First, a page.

The enduring influence of the Catholic Church has many sources―its spiritual and intellectual appeal, missionary achievements, wealth, diplomatic effectiveness, and stable hierarchy. But in the first half of the nineteenth century, the foundations upon which the church had rested for centuries were shaken. In the eyes of many thoughtful people, liberalism in the guise of liberty, equality, and fra...
Hardcover: 320 pages
Publisher: Belknap Press: An Imprint of Harvard University Press (May 7, 2018)
Product Dimensions: 5.8 x 1 x 8.8 inches
Amazon Rank: 202501
Format: PDF ePub Text djvu ebook
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Vatican I by O'Malley is a short but superbly written summary of the issue of Papal Infallibility and Vatican I in 1870. The author is a well known Jesuit, and one will see the influence and pervasiveness of the Jesuits throughout. This book does not...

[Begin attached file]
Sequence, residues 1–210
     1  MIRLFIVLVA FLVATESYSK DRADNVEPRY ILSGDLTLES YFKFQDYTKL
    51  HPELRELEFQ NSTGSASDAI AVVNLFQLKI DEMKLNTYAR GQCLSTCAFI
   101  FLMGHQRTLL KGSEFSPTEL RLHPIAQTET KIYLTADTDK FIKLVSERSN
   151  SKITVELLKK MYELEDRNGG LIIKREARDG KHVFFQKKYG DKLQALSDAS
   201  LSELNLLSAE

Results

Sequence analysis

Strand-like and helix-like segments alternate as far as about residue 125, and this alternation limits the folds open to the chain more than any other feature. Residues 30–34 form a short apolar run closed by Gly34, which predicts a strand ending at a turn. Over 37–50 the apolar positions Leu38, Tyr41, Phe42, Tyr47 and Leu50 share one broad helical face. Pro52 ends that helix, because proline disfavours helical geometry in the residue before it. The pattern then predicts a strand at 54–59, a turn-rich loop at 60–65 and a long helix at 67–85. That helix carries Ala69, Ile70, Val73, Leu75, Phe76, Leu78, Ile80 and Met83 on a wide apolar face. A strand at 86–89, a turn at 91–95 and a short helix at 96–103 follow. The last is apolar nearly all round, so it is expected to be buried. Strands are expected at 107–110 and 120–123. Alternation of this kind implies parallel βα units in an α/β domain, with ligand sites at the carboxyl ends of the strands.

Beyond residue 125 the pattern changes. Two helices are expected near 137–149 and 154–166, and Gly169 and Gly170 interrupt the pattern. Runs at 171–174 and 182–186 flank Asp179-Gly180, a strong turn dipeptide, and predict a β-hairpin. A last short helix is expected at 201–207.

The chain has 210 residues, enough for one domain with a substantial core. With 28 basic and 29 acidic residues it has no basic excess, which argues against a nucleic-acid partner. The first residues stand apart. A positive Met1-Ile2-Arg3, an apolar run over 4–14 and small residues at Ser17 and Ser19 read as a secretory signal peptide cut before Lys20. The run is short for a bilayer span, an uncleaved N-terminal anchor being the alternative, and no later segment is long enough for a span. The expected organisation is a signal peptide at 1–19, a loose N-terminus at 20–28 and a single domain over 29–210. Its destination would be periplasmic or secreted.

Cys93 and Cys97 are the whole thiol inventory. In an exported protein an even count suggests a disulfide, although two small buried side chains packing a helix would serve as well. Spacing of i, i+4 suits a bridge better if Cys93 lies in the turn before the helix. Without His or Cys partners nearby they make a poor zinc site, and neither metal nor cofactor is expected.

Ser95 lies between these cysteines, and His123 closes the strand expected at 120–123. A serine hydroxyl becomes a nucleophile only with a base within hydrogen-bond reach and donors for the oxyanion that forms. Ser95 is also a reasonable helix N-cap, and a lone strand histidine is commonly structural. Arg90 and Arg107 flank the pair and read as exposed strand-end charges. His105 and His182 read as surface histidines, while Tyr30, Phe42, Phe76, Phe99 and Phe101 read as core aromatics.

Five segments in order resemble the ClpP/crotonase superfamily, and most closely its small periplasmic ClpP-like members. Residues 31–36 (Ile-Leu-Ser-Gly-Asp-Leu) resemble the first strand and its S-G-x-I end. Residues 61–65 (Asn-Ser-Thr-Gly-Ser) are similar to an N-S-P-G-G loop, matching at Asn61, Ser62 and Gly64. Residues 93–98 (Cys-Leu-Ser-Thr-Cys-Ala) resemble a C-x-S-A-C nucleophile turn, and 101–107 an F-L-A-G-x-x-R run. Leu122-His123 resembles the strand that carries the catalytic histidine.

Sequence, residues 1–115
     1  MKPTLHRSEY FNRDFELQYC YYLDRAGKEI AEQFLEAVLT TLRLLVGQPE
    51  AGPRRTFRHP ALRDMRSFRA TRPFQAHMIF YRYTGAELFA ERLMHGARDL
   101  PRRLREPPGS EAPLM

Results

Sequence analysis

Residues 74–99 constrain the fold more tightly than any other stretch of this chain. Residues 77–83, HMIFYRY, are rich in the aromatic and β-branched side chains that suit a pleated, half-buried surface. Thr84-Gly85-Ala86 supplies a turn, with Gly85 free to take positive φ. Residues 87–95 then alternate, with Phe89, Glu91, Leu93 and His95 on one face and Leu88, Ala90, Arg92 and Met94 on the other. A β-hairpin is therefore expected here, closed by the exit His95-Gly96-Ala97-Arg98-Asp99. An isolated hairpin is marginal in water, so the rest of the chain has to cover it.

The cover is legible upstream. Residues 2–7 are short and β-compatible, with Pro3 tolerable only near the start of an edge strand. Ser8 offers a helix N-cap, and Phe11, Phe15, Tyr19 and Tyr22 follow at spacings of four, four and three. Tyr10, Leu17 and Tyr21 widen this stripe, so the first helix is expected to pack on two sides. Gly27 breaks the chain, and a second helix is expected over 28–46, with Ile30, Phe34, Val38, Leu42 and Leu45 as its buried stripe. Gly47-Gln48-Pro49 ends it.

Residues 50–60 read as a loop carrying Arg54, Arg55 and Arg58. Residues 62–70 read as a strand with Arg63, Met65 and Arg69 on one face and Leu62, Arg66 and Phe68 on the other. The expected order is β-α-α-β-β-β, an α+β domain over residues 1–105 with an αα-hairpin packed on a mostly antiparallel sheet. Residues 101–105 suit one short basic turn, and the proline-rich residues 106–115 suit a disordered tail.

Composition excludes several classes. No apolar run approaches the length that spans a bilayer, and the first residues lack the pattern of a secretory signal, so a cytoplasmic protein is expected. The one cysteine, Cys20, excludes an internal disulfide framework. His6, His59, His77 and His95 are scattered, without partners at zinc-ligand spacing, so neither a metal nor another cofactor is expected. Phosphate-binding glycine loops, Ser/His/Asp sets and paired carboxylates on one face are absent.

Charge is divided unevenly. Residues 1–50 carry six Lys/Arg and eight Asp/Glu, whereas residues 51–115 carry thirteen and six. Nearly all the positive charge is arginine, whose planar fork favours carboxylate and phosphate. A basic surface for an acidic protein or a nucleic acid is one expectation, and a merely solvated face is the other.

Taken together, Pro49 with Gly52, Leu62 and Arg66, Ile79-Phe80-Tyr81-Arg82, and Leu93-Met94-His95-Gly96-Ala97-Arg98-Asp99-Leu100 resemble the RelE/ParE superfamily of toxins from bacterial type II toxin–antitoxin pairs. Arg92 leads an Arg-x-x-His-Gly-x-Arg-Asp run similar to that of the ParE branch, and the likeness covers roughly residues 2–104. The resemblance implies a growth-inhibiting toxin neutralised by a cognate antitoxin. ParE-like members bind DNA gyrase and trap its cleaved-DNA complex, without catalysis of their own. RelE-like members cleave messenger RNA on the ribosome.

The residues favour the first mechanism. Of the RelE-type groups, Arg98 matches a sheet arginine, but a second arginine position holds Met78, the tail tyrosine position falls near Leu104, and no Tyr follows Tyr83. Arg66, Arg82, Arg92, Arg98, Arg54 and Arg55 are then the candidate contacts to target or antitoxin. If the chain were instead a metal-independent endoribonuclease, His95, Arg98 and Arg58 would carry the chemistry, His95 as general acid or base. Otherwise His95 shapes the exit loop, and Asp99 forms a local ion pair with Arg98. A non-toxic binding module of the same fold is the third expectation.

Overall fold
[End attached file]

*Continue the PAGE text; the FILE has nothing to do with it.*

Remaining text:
the quintessence of the evils that shook those foundations. At the Vatican Council of 1869–1870, the church made a dramatic effort to set things right by defining the doctrine of papal infallibility.In Vatican I: The Council and the Making of the Ultramontane Church, John W. O’Malley draws us into the bitter controversies over papal infallibility that at one point seemed destined to rend the church in two. Archbishop Henry Manning was the principal driving force for the definition, and Lord Acton was his brilliant counterpart on the other side. But they shrink in significance alongside Pope Pius IX, whose zeal for the definition was so notable that it raised questions about the very legitimacy of the council. Entering the fray were politicians such as Gladstone and Bismarck. The growing tension in the council played out within the larger drama of the seizure of the Papal States by Italian forces and its seemingly inevitable consequence, the conquest of Rome itself.Largely as a result of the council and its aftermath, the Catholic Church became more pope-centered than ever before. In the terminology of the period, it became ultramontane.